by Matthew Hart
The European Space Agency (ESA) is working on a “digital twin” of Earth in the hopes of better understanding our planet’s past, present, and future. The project, first announced in September of last year, will deploy AI, as well as quantum computing, to build Earth’s digital doppelgänger in virtual space. And the scientists hope this Digital Twin Earth will help them forecast extreme, climate change-induced weather events.
Popular Mechanics reported on the digital Earth, which ESA scientists discussed during the agency’s 2020 Φ-week event. The scientists say their digital model will help humanity to “monitor the health of the planet,” as well as simulate the effects of human behavior on the environment.
The scientists are going to evolve the digital twin over the next decade, constantly feeding real-world data into the model; data that will come from the EU’s Copernicus program, which captures atmospheric data, such as air quality changes. They’ll then use neural networks (computer algorithms) to identify patterns in Earth’s weather systems, and hopefully begin making accurate predictions.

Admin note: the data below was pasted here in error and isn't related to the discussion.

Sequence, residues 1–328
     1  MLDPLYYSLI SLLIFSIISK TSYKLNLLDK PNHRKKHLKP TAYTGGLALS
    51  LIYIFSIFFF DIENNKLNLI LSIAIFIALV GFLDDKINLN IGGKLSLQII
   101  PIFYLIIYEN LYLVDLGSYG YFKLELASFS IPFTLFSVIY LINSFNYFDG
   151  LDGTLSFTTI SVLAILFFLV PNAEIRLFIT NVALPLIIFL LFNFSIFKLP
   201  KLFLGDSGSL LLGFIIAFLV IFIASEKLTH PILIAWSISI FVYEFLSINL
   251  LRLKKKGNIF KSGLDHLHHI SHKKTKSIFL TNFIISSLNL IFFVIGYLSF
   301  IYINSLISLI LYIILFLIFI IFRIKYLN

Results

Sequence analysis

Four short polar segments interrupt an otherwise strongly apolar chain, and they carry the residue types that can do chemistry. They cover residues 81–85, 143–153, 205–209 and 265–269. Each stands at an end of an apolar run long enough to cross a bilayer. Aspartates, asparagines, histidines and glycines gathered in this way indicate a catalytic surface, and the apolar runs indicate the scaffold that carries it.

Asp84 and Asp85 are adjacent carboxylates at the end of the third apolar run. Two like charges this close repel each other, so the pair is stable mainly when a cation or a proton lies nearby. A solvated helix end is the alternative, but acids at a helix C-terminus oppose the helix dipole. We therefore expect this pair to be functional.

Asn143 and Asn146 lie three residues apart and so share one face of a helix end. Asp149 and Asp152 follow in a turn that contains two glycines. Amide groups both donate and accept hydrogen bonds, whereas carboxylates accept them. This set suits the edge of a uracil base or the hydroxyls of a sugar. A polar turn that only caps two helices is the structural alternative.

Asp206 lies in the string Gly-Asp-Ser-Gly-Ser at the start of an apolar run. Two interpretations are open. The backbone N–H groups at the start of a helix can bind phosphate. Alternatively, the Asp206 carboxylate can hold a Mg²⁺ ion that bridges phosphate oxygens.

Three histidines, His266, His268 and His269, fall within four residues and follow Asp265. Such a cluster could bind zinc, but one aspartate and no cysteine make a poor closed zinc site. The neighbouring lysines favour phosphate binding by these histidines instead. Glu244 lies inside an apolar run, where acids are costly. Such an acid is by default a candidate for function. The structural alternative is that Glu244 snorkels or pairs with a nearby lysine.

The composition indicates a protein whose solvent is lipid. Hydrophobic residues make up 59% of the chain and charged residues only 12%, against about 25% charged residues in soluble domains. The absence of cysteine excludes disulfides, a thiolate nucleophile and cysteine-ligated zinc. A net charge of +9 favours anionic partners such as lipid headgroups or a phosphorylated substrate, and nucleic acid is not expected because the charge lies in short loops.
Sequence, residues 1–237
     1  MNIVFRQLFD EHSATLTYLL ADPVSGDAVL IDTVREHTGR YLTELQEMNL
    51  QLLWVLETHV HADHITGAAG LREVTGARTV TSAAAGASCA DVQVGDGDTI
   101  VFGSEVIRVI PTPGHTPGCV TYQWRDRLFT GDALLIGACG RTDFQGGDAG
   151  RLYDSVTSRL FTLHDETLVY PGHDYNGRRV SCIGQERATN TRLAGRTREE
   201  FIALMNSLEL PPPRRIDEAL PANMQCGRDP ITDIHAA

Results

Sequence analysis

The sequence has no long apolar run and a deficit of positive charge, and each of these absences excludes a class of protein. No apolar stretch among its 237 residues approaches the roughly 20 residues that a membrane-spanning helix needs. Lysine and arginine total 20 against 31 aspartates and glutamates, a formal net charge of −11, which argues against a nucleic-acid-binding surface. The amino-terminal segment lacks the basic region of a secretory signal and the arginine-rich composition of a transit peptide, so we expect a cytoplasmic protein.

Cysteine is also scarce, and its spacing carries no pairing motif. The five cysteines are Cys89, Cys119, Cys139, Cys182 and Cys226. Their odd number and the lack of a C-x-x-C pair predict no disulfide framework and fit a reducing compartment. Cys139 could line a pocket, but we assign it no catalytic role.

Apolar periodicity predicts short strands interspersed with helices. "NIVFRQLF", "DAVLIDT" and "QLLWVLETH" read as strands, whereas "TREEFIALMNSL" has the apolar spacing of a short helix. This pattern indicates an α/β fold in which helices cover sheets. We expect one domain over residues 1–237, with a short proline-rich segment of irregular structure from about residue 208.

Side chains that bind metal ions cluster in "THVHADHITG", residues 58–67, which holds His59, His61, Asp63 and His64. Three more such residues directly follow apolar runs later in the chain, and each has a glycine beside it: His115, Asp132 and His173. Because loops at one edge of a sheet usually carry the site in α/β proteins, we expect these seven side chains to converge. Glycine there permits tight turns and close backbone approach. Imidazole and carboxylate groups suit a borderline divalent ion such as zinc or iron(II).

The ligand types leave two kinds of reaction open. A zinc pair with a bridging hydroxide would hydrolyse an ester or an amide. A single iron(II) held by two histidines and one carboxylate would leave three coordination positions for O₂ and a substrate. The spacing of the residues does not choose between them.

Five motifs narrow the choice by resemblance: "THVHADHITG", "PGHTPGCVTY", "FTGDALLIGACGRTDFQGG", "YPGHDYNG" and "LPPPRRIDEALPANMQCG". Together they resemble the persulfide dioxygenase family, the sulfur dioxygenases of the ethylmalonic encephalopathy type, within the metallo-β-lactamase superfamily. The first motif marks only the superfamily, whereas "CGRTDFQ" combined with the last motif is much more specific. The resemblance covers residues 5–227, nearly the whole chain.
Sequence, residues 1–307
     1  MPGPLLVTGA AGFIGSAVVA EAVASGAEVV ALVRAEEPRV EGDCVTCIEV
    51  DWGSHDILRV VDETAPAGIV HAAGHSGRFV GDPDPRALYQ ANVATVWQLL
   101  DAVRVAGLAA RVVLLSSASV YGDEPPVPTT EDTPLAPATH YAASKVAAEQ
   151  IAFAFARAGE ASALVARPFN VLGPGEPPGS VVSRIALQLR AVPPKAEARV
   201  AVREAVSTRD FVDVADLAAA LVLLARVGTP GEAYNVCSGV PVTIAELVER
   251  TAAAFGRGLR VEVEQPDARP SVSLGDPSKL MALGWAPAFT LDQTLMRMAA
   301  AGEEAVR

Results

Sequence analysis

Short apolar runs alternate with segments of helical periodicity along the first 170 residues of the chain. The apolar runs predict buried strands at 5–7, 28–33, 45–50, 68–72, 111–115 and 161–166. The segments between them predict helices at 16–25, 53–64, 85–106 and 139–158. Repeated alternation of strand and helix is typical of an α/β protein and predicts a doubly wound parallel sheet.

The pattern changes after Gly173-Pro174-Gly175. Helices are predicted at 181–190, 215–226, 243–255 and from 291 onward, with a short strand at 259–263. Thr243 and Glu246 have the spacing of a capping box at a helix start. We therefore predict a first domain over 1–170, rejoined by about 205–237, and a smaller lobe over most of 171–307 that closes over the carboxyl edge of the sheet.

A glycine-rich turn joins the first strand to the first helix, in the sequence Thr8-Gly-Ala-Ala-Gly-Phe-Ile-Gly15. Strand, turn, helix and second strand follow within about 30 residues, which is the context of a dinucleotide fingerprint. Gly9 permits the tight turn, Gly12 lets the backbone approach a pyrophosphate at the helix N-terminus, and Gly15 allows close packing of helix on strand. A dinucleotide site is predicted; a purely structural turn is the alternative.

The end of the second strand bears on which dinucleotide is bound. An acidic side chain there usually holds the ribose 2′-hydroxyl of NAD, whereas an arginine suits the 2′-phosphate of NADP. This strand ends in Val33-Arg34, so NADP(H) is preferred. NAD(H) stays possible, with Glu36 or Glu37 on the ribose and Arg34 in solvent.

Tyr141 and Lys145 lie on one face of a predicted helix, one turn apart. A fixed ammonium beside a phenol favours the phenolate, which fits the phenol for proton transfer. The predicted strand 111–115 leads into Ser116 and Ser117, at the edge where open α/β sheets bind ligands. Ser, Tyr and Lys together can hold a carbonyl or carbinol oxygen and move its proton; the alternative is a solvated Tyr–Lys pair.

“Machine learning and artificial intelligence could improve the realism and efficiency of the Digital Twin Earth—especially for extreme weather events and numerical forecast models,” European Center for Medium-Range Weather Forecasts (ECMWF) Director General, Florence Rabier, said at the event. Rabier and her colleagues also noted that the satellites collecting the data for the models are deploying AI programs.Continue reading… “Scientists Are Building a ‘Digital Twin’ of Earth”